"We will be taking an in-depth look at the issues, economic drivers in Brunswick County; what are the really great things about Brunswick County that we can build on a promise; also the challenges that we need to look at and see if there are ways we can help overcome those."
One of the things they are also looking at is the county's product development. "Brunswick County is fortunate to have some good industrial sites," Early said, noting two 1,000-acre sites that are ready for business.
"We believe that these sites will be a location in which a major company can locate, and suppliers and customers locate around them," Early said.
Brunswick BID is also promoting the county's location and regional connectivity to the Port of Wilmington and highway infrastructure.
There are issues with the number of available buildings in the county, however, and Brunswick BID is working with partners to try to bring more spec buildings to the area, Early said. That's not just for incoming companies, that also includes companies that are growing organically in the region.
"Regional cooperation is critical," Early said. "I will tell you from my experience that when you work together collectively for a common cause, it's much more effective, it's stronger, and you can get much more accomplished."
Though not a specific economic development group, Wilsey said, the airport is "very important in economic development ... because we like to say we connect this region to the world. We do that with aviation services."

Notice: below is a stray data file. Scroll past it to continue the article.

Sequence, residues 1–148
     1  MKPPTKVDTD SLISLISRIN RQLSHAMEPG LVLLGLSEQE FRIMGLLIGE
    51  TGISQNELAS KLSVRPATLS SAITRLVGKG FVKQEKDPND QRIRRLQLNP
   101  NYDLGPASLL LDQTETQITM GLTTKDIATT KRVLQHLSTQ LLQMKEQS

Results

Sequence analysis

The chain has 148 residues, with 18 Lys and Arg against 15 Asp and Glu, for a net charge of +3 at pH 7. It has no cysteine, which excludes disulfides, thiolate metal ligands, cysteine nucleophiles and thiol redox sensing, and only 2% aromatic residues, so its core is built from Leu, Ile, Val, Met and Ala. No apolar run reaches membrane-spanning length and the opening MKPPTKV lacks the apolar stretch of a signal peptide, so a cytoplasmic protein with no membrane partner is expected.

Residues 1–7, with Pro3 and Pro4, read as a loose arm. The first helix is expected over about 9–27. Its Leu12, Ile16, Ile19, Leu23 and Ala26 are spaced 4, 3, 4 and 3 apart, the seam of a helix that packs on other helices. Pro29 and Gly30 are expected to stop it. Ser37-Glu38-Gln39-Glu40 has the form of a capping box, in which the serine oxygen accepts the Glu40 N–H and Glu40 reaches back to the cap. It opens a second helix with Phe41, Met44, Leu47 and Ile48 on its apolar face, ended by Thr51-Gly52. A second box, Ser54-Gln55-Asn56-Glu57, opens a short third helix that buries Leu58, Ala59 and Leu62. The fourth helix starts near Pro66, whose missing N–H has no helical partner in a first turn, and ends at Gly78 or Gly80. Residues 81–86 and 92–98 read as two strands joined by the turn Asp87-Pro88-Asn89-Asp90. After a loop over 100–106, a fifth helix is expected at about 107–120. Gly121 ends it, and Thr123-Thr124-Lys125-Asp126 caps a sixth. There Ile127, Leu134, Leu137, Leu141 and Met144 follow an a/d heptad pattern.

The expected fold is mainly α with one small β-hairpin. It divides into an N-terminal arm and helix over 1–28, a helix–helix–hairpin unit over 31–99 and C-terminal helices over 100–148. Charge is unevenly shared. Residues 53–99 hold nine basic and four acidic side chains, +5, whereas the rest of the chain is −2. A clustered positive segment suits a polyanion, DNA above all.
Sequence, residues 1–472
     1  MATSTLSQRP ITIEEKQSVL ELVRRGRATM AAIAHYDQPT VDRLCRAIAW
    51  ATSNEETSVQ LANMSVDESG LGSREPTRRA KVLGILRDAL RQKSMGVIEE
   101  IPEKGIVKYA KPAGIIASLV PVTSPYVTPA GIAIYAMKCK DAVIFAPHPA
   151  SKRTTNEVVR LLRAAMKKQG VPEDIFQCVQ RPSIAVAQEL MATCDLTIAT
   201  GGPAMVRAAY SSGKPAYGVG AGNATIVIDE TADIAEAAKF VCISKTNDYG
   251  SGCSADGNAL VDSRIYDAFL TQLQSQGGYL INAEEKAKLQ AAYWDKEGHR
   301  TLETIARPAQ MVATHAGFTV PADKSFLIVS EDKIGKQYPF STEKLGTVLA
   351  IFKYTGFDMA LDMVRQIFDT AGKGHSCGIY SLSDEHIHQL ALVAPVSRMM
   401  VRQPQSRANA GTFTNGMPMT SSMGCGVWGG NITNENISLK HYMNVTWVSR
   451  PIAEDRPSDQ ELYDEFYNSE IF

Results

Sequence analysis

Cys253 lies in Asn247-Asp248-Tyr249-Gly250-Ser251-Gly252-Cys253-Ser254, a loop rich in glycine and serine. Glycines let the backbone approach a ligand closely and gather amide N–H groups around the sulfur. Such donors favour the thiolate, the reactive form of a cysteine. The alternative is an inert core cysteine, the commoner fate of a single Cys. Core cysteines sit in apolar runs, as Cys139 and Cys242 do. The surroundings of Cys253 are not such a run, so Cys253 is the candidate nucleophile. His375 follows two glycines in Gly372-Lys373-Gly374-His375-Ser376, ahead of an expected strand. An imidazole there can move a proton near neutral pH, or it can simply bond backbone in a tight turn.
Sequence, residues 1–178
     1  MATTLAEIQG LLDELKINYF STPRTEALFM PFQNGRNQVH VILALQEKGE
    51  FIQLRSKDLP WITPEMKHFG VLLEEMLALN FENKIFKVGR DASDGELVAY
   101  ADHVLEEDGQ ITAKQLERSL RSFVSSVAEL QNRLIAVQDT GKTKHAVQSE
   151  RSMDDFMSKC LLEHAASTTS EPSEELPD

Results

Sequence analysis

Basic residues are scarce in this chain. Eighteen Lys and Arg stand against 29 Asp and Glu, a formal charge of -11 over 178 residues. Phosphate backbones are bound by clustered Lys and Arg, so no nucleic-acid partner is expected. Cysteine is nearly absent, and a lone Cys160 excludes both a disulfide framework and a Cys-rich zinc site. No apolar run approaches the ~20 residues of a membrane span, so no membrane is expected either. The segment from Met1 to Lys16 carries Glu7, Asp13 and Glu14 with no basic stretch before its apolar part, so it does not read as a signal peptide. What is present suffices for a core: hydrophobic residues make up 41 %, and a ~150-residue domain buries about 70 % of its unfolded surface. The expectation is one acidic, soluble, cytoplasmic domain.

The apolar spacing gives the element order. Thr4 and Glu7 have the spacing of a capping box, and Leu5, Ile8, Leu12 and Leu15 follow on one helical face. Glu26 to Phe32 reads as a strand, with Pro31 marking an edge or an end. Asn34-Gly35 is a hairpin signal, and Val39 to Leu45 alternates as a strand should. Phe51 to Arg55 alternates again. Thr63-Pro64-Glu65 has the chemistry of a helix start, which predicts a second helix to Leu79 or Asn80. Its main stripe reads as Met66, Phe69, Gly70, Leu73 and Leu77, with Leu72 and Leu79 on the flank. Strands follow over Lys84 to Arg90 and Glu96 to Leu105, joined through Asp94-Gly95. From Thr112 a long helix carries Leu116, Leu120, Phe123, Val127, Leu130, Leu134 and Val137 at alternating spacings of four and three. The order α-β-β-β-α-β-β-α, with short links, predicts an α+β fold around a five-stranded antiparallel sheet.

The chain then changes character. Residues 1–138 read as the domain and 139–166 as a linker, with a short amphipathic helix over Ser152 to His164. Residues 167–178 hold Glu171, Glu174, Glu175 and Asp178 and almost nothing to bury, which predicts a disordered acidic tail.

As of April, there are three major network carriers at ILM, covering eight different nonstop destinations and seven hubs, with six of those international gateways, she said.
"That's where you get the foreign component so that we can do business. We can help bring in those companies who want to get to ILM easier ...," Wilsey said. "Because we know how important time is when you are trying to recruit a business to Wilmington."
There is also an 1,800-acre business park, along with multiple modes of transportation available and a certified Foreign Trade Zone.
"When we're trying to negotiate or make a good impression, the airport and connections to the region via air are usually a very important piece of that checklist," Wilsey said. "So we want to make sure that we are growing our nonstop destinations, growing our network carriers and providing more opportunities to get to Wilmington."
Hayes added that the area is a manageably sized region, with a lot of potential.
A key to the growing success to the region is its business diversity, King added.
"We're seeing tremendous growth there," King said. "And so I think for the future is more diversity, higher paying jobs and ... I am encouraged as I have ever been based on what I see now and what I see in the future for the Greater Wilmington area."
Early said that Brunswick County is a bit different than Wilmington, in that it has a lot of rural communities.
The county is growing fast, he said, the fastest in the state and nation. That growth is coming from people who are relocating from other parts of the country to enjoy the quality of life.
"Of course our challenge is we want people to live here, we want a great quality of life but we also want to have jobs for them," he said.
Early said another challenge that the county has, and what will create success for its future, is making sure that "we create opportunities for the native residents, the young families that are here," he said.